Author Topic: KB Arsenal's project Ekipazh  (Read 9523 times)

Offline B. Hendrickx

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KB Arsenal's project Ekipazh
« on: 06/13/2019 11:18 pm »
It looks like KB Arsenal in St.-Petersburg is working on one or more top-secret satellites called Ekipazh (a word usually used in the meaning “crew”, although it also refers to a horse-drawn carriage). The project may be related to the company’s work on nuclear-powered satellites, but the details are sketchy.

KB Arsenal is no newcomer to this field. In the Soviet days it built the nuclear-powered radar ocean reconnaissance satellites known as US-A (infamous for a number of in-orbit failures, one of which resulted in radioactive debris coming down in Canada in 1978). These carried the 3 kW BES-5/Buk thermoelectric reactors of the Krasnaya Zvezda (“Red Star”) organization. In 1987 the company also launched two experimental Plazma-A satellites (Cosmos-1818 and 1867)  carrying Krasnaya Zvezda’s 5 kW TEU-5/Topol/Topaz-1 thermionic reactors. The only active KB Arsenal satellites currently in orbit  are the Lotos (14F138/14F145) electronic intelligence satellites, which are to be joined by military radar observation satellites called Pion-NKS (14F139). Both of these are part of a project called Liana. They use the same bus and are powered by solar energy.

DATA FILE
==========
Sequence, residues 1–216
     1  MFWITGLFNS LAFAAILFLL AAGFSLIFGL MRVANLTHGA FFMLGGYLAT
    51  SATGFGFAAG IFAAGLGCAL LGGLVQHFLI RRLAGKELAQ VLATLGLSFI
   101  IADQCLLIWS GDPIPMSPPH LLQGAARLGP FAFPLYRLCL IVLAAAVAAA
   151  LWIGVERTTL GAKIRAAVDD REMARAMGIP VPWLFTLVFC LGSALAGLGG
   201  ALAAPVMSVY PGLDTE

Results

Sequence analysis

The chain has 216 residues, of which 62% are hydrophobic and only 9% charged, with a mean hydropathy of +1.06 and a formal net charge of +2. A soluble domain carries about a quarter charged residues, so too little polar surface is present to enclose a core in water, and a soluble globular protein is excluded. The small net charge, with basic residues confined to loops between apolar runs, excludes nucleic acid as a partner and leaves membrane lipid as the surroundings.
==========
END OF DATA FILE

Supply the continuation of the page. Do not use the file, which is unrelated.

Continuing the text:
Information available on Ekipazh

The name Ekipazh appears in only a handful of sources:

1) The 2015 and 2017 annual reports of a company called NPP KP Kvant, based in Rostov. The reports can be downloaded here: